The Australian National Parks and Wildlife Service (ANPWS) has assisted members of the Warmun Aboriginal Community to study the systems of joint park management which have been developed between Aboriginal owners and national park authorities in Kakadu and in the Cobourg Peninsula area of the Northern Territory.

The Standing Committee recommended that ANPWS in consultation with relevant Western Australian authorities and the Warmun Aboriginal Community offer assistance in developing Aboriginal ranger training programs for the traditional owners.

ANPWS has already provided assistance for Aboriginal ranger training programs for the Millstream National Park, in the Pilbara region of Western Australia. The Premier indicated in his letter to the Prime Minister that an Aboriginal ranger training program will be established as part of interim management arrangements for Bungle Bungle.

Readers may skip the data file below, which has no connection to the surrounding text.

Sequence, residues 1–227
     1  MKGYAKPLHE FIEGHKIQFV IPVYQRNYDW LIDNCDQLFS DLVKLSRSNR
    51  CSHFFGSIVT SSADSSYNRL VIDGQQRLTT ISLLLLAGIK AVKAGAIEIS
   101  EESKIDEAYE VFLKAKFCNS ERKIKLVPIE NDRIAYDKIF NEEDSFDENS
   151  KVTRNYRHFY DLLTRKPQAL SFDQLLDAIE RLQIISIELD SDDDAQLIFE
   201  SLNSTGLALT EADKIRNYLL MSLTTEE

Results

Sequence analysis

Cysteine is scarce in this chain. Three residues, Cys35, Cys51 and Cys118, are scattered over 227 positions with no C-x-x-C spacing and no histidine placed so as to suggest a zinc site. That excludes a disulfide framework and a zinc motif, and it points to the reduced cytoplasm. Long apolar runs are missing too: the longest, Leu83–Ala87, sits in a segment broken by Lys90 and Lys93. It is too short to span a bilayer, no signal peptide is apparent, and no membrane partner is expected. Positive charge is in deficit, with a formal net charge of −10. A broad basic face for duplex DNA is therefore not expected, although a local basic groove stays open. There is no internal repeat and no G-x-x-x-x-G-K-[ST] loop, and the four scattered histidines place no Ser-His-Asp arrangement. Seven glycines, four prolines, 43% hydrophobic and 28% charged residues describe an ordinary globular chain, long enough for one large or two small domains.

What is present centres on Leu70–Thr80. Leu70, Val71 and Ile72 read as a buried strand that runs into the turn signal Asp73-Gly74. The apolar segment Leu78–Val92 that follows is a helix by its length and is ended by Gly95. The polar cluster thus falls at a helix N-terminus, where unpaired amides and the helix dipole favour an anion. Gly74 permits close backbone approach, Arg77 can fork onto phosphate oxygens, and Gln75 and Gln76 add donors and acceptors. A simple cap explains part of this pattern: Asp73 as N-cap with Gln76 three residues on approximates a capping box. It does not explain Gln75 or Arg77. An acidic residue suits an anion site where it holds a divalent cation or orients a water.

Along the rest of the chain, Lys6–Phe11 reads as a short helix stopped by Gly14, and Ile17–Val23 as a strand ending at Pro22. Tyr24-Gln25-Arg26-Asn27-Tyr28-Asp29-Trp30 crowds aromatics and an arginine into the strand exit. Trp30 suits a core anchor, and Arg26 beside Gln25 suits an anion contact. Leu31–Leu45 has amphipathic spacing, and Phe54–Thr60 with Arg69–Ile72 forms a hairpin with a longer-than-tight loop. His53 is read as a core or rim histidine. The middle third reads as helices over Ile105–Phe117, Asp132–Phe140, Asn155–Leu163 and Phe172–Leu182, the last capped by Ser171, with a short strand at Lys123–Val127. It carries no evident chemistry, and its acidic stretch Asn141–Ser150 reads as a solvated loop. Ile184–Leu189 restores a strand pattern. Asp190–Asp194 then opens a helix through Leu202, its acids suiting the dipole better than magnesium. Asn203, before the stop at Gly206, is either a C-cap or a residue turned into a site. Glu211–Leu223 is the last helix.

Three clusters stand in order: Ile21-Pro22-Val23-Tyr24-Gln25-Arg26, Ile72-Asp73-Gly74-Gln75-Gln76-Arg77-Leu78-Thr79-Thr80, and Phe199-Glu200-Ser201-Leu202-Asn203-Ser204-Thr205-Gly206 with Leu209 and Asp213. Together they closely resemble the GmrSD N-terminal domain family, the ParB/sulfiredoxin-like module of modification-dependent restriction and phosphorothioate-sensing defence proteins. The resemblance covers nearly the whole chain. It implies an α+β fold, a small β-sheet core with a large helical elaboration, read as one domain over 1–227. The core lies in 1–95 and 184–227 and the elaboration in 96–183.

The Committee's third recommendation was that the Australian Government provide assistance to the Western Australian Government under the States Assistance Program. This program was initiated in 1983-84 and is designed to develop, in co-operation with State and Territory nature conservation agencies, projects of national or international significance in relation to national parks and wildlife conservation. The total value of the program to 1985-86 was in excess of $1.65 million. A further $578,000 has been committed for the program in 1986-87. Over 60 projects have been supported, ranging from an inventory of the biological resources of the Nullarbor Plain to finalising a plan of management for the internationally important wetlands at Towra Point on the southern shores of Botany Bay. Several projects have been supported in Western Australia. Whether assistance is provided specifically for a project at Bungle Bungle is a matter of priorities to be determined between the Commonwealth and Western Australia.